What matters to practice is not what the law "is" but what the "perception" of the law is. While the actual legal risks surrounding unilateral refusals are remote, the perception is that the risk is material. I suspect this is due to cognitive features like salience. Baby K had such a high profile, that while distinct (since most futility cases involve ICU and other inpatients not subject to EMTALA), it is thought to “control” these situations.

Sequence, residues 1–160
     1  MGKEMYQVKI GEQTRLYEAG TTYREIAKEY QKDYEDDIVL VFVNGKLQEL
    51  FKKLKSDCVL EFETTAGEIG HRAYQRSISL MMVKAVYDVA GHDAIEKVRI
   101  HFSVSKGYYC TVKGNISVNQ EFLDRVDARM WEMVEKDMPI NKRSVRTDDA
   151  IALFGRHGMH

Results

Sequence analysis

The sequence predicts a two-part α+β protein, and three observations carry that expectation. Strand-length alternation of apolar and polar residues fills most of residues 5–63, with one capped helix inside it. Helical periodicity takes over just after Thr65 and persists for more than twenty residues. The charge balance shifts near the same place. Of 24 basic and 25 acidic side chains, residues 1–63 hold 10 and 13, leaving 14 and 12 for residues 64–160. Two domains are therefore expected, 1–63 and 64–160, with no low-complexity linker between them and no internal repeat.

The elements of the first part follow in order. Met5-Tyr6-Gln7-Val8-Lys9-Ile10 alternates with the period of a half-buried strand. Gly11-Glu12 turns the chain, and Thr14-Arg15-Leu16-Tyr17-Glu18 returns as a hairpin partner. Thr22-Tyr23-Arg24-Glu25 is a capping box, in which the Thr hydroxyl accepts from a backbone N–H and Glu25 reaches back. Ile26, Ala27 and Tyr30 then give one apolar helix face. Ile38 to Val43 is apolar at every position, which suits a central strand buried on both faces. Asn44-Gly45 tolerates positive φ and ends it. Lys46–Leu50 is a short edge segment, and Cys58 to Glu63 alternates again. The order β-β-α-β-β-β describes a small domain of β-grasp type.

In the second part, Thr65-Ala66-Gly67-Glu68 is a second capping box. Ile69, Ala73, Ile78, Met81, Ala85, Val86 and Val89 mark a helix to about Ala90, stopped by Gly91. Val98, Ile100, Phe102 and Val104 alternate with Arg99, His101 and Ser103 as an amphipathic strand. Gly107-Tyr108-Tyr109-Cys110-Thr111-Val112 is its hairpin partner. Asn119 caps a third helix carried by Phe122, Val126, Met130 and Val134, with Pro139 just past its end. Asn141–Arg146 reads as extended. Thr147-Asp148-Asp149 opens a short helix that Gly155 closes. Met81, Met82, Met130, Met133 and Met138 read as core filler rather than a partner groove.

People's behavior is guided (1) by what they think the law is, (2) by what they think the chances of enforcement are, and (3) by what the sanctions are. Less important are (a) what the law actually is, (b) what the chances of enforcement actually are, and (3) what the sanctions actually are.
At some level, I am hoping to change the perception of risk both through education and through establishing safe harbors like regional ethics committees.